For this month’s designer focus, we had the incredible privilege of catching up with Jay Briggs, the Sheffield born designer making waves on the London fashion scene. Since graduating from the University of Salford in 2013, Jay’s designs have been worn by notable artists such as Paloma Faith, Kylie Minogue and Kimbra. Having undertaken work placements with visual artist and costume designer Alex Noble and milliner Piers Atkinson, Jay’s penchant for dramatic and theatrical designs are fast becoming his signature style.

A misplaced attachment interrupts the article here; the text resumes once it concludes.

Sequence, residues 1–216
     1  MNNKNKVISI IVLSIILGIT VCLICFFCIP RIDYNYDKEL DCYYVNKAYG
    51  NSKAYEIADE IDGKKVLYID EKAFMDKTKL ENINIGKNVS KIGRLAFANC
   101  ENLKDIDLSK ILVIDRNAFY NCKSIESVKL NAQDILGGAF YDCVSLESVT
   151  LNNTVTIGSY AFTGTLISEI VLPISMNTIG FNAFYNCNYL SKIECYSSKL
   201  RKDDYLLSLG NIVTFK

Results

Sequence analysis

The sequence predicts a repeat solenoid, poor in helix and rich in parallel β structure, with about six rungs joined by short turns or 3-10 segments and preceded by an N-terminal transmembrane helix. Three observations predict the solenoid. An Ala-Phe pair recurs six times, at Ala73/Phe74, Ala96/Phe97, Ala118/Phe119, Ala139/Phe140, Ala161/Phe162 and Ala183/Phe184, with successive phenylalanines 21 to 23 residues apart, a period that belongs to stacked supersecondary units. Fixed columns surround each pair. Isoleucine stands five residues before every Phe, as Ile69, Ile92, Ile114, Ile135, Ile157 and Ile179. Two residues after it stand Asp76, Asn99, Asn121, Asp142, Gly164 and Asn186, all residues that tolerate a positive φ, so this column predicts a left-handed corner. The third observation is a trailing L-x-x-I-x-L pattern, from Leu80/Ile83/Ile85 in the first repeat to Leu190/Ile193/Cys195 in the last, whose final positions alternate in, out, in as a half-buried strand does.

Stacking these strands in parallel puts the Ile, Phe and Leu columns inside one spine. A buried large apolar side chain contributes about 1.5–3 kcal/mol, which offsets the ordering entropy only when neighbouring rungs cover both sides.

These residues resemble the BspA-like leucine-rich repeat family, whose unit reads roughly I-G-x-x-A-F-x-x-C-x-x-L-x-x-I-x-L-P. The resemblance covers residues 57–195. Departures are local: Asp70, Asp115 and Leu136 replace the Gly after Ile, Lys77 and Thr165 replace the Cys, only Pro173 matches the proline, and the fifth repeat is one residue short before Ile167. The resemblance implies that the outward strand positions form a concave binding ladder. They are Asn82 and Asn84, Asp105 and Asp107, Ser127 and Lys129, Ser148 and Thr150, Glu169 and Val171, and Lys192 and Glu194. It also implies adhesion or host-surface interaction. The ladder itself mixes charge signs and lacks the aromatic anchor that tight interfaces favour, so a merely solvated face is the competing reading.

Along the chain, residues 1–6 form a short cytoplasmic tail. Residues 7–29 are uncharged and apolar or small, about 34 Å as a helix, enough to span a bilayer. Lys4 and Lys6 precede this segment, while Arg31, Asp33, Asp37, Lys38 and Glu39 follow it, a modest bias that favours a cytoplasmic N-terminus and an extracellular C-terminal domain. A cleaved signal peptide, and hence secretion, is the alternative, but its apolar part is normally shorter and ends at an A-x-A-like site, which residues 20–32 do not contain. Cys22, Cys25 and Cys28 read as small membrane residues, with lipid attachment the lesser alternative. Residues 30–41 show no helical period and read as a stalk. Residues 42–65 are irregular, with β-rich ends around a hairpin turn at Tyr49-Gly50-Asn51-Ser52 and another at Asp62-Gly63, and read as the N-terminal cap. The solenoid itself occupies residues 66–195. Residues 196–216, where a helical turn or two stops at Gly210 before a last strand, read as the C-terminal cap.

Hi Jay, how did your brand become so associated with millinery? (designing head pieces) Millinery seemed to be the natural progression for me from fashion design, as it was the part of fashion which always grabbed my attention and always played a major part within my work. The turning point was definitely interning with Piers Atkinson who taught me everything I know about the construction of hats and headpieces. It was there I realised that I enjoyed making headpieces more than I did fashion design, as you could have full creative freedom with no boundaries as practically everything has been done now in terms of creating something new within fashion. It’s costume design where you can realise your fantasy and bring it to life. I moved to London a week after finishing my degree. It was a few months after I was approached by my PR agency (Lewis and Leigh) and the rest is history you could say.